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New links with German association to benefit hundreds of local childrenNovember 25th, 2016
An innovative school has partnered up with a dynamic German cultural association to promote the take-up of languages by children across the region.
Haberdashers’ Monmouth School for Girls has been invited to be part of The Smart Choice: German Digital Network, the aim of which is to strengthen the teaching and learning of the language nationally.
Run by the Goethe Institut, the project will enable HMSG to organise inspiring outreach activities for local children and share resources with other schools via its website.
Links between HMSG and the Goethe Institut have been strong since 2014, when Head of Modern Foreign Languages, Helen Smail, won the German Consulate Teacher of the Year Award.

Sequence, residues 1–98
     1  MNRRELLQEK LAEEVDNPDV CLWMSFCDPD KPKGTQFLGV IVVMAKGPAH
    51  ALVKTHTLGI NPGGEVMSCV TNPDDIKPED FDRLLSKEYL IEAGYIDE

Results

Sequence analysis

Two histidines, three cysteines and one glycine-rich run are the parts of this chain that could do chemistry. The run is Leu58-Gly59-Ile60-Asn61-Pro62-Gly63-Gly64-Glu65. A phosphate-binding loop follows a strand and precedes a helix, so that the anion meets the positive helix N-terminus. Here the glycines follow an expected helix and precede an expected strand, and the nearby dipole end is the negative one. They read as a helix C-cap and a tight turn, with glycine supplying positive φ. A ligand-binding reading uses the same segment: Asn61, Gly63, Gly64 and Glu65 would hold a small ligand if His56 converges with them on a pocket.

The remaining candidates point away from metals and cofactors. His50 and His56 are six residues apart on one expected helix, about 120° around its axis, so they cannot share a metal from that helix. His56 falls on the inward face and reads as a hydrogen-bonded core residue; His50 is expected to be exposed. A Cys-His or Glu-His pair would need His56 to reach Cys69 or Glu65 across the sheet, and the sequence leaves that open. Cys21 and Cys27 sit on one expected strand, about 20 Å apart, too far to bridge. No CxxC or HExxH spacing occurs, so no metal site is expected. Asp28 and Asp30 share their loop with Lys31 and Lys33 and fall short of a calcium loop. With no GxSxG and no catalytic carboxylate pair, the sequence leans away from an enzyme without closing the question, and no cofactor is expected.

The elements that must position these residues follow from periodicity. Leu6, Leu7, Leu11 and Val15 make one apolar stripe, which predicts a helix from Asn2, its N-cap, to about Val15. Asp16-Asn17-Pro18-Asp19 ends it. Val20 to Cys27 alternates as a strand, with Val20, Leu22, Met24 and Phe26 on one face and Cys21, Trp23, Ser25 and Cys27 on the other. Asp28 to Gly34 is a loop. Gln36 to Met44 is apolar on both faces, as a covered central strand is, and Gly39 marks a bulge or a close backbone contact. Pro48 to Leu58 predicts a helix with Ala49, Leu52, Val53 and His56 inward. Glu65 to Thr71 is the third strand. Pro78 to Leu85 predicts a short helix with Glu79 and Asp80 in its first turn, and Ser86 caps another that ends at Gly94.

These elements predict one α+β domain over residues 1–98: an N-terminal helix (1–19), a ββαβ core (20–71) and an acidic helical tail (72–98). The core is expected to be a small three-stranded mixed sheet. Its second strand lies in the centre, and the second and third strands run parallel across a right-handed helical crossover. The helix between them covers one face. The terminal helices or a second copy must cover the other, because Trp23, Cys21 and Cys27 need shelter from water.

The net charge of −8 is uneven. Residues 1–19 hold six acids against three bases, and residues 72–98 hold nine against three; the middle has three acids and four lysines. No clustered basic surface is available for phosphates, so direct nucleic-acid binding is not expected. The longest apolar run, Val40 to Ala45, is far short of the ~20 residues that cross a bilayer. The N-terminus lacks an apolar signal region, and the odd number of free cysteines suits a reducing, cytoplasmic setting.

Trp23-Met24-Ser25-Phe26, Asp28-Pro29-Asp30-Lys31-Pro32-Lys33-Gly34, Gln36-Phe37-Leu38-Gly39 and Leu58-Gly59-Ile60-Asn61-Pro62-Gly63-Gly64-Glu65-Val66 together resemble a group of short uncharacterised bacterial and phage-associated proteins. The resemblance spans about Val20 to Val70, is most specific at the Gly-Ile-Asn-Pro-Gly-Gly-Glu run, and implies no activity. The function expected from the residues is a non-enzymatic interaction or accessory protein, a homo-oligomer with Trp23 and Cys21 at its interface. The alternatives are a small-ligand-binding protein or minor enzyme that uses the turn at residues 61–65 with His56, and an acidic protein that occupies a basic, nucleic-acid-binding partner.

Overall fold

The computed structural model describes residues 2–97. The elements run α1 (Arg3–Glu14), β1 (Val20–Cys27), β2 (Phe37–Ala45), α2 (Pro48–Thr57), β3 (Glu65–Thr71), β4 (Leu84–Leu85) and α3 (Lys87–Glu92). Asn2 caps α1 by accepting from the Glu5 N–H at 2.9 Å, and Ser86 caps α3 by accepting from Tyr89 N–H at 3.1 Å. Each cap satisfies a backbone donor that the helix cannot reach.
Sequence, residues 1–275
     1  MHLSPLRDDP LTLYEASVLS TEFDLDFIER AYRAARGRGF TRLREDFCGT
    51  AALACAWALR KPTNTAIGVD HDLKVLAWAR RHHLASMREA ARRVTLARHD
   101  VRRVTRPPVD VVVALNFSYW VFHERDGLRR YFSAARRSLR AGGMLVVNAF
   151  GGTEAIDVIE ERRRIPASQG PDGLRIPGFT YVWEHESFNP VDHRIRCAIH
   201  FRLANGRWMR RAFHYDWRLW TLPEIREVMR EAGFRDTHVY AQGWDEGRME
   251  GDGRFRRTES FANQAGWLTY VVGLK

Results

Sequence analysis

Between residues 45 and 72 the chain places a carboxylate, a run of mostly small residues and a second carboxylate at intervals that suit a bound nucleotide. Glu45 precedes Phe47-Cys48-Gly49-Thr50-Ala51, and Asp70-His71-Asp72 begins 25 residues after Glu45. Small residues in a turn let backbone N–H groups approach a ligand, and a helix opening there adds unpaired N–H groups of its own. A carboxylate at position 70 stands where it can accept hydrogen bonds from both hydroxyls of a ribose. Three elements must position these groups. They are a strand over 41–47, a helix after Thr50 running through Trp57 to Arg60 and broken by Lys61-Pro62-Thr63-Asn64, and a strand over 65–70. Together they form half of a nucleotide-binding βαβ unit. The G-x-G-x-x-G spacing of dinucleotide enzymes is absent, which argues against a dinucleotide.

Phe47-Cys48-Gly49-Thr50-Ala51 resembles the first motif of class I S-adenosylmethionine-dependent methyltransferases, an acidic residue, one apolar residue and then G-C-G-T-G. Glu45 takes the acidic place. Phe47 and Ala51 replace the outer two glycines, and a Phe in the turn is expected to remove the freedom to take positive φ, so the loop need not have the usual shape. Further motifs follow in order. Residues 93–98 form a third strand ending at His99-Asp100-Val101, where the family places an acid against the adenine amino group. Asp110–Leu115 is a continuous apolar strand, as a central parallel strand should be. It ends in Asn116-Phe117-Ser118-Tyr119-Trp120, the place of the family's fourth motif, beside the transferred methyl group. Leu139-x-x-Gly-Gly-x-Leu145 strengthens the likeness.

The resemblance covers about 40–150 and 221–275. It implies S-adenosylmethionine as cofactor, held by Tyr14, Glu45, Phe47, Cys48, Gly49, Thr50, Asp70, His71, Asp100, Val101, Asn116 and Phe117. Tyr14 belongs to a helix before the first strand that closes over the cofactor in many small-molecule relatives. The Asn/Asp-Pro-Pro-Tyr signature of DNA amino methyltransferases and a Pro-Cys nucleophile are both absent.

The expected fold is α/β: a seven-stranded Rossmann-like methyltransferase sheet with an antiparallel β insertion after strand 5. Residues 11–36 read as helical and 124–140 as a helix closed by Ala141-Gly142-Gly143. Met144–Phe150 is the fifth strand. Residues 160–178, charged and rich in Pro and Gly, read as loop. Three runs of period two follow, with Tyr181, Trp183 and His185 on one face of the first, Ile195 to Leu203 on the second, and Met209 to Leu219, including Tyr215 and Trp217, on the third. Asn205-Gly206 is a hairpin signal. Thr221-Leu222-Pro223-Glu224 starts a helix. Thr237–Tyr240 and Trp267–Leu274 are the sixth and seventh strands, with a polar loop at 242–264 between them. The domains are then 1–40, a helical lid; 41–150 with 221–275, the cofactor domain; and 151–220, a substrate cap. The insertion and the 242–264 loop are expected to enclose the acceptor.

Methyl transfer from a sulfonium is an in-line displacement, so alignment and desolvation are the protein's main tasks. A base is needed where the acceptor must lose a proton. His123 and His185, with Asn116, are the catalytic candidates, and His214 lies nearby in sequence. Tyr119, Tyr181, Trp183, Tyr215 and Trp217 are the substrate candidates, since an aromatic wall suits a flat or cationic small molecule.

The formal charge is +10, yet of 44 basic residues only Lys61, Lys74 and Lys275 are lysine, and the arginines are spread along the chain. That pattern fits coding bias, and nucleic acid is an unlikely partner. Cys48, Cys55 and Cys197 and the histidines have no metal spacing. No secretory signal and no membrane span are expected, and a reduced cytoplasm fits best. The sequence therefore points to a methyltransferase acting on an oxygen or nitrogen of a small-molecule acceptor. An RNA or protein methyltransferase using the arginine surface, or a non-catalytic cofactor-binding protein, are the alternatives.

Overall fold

Mrs Smail said: “This is a huge honour and underscores the achievements within the MFL department, which teaches French, German and Spanish and enjoys excellent results at GCSE and A level.
“The partnership is very flexible. Alongside running clubs for our preps, Inglefield House and The Grange, we will be contacting local primary schools and using our existing network to organise joint events.
“Learning languages is absolutely vital. As well as raising cultural awareness and promoting sensitivity towards other cultures, learning a language helps pupils to improve their English. German is accessible to younger learners because it’s very close to English.
“I believe that, if a school is focusing on teaching the languages of Europe, it is helpful for them to have access to both a North European language and a romance language, such as Spanish or French.”
She added: “Being able to communicate with people is a door-opener. At a time like this, when the uptake of languages is so low nationally, any child who has knowledge of a language sets themselves apart and gives themselves a huge advantage in the workplace.
“As former German Chancellor, Willy Brandt, once said: “If I’m selling to you, I speak your language. If I’m buying, then you must speak German.””